Opened: October 1999

Area: 55,000 sq ft

Seating: Lots of seating at small tables and along semi-circular pews in the center, with a greater proportion of seats to dining counters than usual. Some establishments have captive dedicated seating

No. of vendors: 19

Alcohol: wine, beer, and mixed drinks (the latter inside the Two Boots bar)

Observations: The Grand Central Dining Concourse is both the oldest and the largest of the city's food courts. It can be off-puttingly crowded and even a bit seedy, with the average level of food quality slightly lower than most food courts. Despite the necessity of buyer beware, there are still plenty of good things to eat and a broader array of dining establishments than usual. For example, it's the only food court with Indian fare, a kosher deli, and a Shake Shack.

Three Great Choices: Two Boots' fresh-mozzarella grandma slice ($4.25), Shake Shack's Shackburger ($5.19), Mendy's matzo ball soup ($5.50)

List of Vendors: Café Spice (Indian), Chirping Chicken (rotisserie), Dishes (panini, smoothies), Eata Pita (Middle Eastern), Feng Shui (Chinese), Frankies Dogs On The Go (hot dogs), Golden Krust (Jamaican), Hale and Hearty Soups, Irving Farm Coffee Roasters, Jacques Torres Ice Cream, Magnolia Bakery (cupcakes), Manhattan Chili Company, Mendy's Kosher Dairy (bagels, appetizing), Mendy's Kosher Deli (meats, soups), Shake Shack (burgers), Shiro of Japan (sushi), Thai Toon (pan-Asian), Tri Tip Grill (salads, sandwiches), Two Boots (pizza)

City Kitchen

Ramen from Kuro-Obi Robert Sietsema

[Clockwise from the top left: City Kitchen dining room, Whitmans burger, Dough's salted caramel chocolate doughnut, and ramen from Kuro-Obi.]

Address: 700 8th Ave, 2nd floor

Phone: (646) 863-0901

Hours: Sunday through Wednesday, 6:30 a.m. to 9 p.m.; Thursday through Saturday, 6:30 a.m. to 11:30 p.m.

Opened: March 2015

Area: 4,000 sq ft

Seating: A few small tables pushed together in the center of the horseshoe-shaped space; stools by some counters, stools in the windows — really not much seating, but there's an overflow area that overlooks the adjacent hotel lobby.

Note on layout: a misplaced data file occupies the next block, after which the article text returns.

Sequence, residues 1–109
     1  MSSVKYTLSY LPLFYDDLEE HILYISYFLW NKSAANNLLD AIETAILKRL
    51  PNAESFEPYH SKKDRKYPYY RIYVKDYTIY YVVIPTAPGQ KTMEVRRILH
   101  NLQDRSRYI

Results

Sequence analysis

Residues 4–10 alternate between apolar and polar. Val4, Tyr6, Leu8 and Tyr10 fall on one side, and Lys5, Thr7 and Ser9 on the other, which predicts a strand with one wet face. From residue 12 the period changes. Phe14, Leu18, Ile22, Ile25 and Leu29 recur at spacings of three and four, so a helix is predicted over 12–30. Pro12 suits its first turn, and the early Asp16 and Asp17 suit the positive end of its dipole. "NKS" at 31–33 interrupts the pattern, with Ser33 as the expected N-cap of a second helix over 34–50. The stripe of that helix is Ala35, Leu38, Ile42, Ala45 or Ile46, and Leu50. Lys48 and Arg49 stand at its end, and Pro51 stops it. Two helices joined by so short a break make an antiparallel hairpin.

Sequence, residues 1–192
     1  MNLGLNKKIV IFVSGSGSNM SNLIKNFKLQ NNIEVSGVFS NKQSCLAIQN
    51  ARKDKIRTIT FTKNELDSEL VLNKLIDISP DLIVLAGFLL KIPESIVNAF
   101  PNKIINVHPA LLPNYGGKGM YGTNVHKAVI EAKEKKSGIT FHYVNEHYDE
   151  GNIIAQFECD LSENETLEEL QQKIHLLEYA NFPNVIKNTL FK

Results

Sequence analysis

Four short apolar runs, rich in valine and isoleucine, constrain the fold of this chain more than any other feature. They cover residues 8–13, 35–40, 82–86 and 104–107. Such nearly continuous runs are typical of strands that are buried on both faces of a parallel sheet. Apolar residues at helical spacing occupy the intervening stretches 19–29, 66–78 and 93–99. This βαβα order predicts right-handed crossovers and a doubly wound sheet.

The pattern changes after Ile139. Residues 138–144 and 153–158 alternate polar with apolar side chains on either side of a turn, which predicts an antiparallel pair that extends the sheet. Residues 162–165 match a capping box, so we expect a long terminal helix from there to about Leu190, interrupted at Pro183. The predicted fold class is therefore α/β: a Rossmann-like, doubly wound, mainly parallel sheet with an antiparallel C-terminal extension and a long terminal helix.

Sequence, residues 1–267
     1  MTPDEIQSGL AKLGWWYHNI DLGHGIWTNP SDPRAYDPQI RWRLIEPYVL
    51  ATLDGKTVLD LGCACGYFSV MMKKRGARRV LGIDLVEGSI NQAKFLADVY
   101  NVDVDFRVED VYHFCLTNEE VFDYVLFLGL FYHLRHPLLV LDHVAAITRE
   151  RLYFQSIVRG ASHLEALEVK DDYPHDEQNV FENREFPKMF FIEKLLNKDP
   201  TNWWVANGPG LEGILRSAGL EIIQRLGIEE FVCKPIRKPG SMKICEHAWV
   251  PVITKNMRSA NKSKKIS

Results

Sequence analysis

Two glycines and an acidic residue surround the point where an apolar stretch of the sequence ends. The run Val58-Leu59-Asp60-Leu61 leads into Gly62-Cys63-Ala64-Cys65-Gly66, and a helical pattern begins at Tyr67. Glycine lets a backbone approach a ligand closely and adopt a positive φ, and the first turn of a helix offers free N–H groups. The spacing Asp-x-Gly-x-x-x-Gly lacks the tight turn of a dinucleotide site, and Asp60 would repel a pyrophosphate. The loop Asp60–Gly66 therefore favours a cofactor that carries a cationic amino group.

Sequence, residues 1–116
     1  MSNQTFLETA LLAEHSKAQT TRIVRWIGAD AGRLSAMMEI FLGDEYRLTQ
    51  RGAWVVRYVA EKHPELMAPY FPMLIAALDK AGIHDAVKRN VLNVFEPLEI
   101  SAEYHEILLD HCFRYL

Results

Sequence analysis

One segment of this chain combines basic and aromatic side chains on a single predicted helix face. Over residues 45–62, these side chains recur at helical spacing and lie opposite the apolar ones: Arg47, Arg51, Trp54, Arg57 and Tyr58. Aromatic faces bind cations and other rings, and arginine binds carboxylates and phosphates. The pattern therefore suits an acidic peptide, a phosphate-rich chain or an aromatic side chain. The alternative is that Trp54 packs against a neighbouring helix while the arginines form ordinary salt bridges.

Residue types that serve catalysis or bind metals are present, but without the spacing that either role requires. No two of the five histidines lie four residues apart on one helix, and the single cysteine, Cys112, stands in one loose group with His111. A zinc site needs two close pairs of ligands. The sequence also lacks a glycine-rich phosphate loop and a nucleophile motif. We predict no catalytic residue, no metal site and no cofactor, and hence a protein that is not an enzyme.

No. of vendors: 8

Alcohol: beer

Observations: The relatively compact size and small number of vendors may be because this food court is close to Times Square, so space is at a premium. It's just off the lobby of the Row NYC Hotel, and the periodic inflow of tourist buses establishes the rhythm of the food court: empty one minute, mobbed the next. Decent sushi, great donuts, good burgers, and better-than-average tacos barely distract most visitors from the novel "shaved snow" ices.

Three Great Choices: Kuro-Obi's shiro classic Tokyo-style ramen ($12), Whitmans' upstate cheeseburger with fries ($13), Dough's salted caramel chocolate doughnut ($3)

List of Vendors: Azuki (sushi), Box (Lebanese), Dough (doughnuts), Gabriela's (Mexican), Kuro Obi (ramen), Luke's (seafood rolls), Whitmans (hamburgers), Wooly's Shaved Snow (frozen desserts).

Gotham West Market

[Clockwise from the top left: Gotham West dining room, tamale from Choza, El Colmado, and breakfast ramen from Ivan Ramen Slurp Shop.]

Address: 600 11th Ave

Phone: (212) 582-7940

Hours: Sunday through Thursday, 7 a.m. to 11 p.m.; Friday and Saturday, 7 a.m. to midnight

Opened: November 2013

Area: 12,000 sq ft

Seating: Small wooden picnic tables in the center, backless and backed stools around round high tables, comfortable counter seating along several individual establishments

No. of vendors: 10

Alcohol: beer, wine, mixed drinks (Cannibal only)

Observations: Most counters at Gotham West stay open relatively late, which is a boon to those who want a quick bite after a movie or a show. Also, it's one of the few food courts where you can get a cocktail. Much interesting and high-quality food, with a certain amount of chef firepower, but fewer options overall than you might hope for. Located very far west in a neighborhood that feels like the frontier.

Three Great Choices: Choza Taqueria's tamale with poached egg ($4.36), Ivan Ramen Slurp Shop's breakfast ramen ($13), Cannibal's butcher's salad ($11)

List of Vendors: Ample Hills (ice cream), Indie Fresh (paleo, vegan), Blue Bottle (coffee), Cannibal (charcuterie, sandwiches), Choza Taqueria, El Colmado (tapas), Evelyn's Kitchen (cakes and cookies), Genuine Roadside (burgers, seafood), Ivan Ramen Slurp Shop (noodles, steamed bao), Uma Temakeria (hand rolls and sushi bowls)

Urbanspace Vanderbilt

[Clockwise from the top left: Urbanspace Vanderbilt, Asiadog, broccoli taco from No. 7, and a pizza from Roberta's.]

Address: 230 Park Ave (entrance at 45th St and Vanderbilt Ave)

Phone: (212) 529-9262

Hours: Monday through Friday, 6:30 a.m. to 9 p.m.; Saturday and Sunday, 9 a.m. to 5 p.m.

Opened: September 2015

Area: 12,000 sq ft

Seating: Low picnic tables crammed in the center; some counters have a few dedicated stools; a few high stools by the windows look out on Vanderbilt Ave.